Tuesday, July 29, 2008

The real reason behind the great Freddie Fannie bailout...

Today, the revamped housing bill will be signed into law and included in the sops are huge giveaways to Fannie and Freddie Mac. Martin Mayer in his column 'Mortgaged to the World' in today's Times gets it exactly right on why we had/need to bail out Fannie and Freddie Mac. Yep, it is to finance the budget deficit and our wars fought in faraway lands (the deficit by the way is set to top off at half a trillion dollars next year).

Historically, foreign central banks that found themselves with excess dollars as the result of the American trade deficit invested that money exclusively in Treasury notes and bills. As a service, the New York Fed made those investments for them, guaranteeing them the best current price and retaining legal custody of the paper as their agent.However, by the mid-1990s the countries that had large trade surpluses with the United States — primarily in East Asia and the Persian Gulf — began to demand a better return on investment than that offered by Treasury paper.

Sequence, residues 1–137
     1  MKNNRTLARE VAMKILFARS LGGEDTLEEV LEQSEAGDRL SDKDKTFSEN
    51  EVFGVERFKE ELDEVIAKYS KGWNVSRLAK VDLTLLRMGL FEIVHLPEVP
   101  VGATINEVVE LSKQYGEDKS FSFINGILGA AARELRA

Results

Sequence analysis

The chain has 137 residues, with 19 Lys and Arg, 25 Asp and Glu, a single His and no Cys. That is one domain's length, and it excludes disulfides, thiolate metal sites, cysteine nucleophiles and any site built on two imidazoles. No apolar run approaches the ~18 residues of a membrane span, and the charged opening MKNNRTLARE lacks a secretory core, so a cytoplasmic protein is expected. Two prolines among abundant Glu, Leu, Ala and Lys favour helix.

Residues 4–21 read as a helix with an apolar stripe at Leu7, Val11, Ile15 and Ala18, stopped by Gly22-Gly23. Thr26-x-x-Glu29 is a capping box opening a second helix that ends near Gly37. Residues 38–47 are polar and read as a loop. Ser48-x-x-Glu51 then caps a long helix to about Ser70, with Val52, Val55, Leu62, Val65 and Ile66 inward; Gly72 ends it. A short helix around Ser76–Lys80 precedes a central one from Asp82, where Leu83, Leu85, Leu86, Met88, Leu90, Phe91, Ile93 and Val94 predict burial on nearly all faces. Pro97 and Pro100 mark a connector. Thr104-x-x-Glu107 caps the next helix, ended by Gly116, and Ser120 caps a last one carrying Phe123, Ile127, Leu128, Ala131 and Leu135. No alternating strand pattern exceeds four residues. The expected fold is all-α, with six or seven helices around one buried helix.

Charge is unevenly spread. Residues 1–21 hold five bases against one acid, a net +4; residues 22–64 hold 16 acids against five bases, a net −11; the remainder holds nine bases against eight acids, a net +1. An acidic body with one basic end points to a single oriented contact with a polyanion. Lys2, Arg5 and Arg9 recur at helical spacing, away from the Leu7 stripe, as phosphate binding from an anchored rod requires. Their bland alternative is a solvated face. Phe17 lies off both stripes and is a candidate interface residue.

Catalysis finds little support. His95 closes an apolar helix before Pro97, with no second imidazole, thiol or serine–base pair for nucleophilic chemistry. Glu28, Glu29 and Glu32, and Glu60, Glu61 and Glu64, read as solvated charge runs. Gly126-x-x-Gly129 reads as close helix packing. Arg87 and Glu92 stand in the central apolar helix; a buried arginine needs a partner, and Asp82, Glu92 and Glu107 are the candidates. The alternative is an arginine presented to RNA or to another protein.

In response, the New York Fed began to buy them “federal agency” paper — including large amounts of obligations from Fannie and Freddie. This paid somewhat better interest, and while it was not officially guaranteed by the government in the way Treasury bills were — well, you know, if push came to shove, Washington could be counted on to do the right thing.
But the truth is that nobody knows. Fannie and Freddie have financed several hundred billion dollars of doubtful mortgage paper that may or may not pay off enough to meet their debts, and they cannot predict whether they will have gains or losses from their gigantic exposures in the derivatives markets.

If the government had not guaranteed the full payments of principal and interest on their paper, the foreign governments that own so much of it might have had to show losses on their dollar-denominated accounts. To say the least, this would make them reluctant to continue to finance our trade deficit, our wars and the strength (such as it is) of our dollar.

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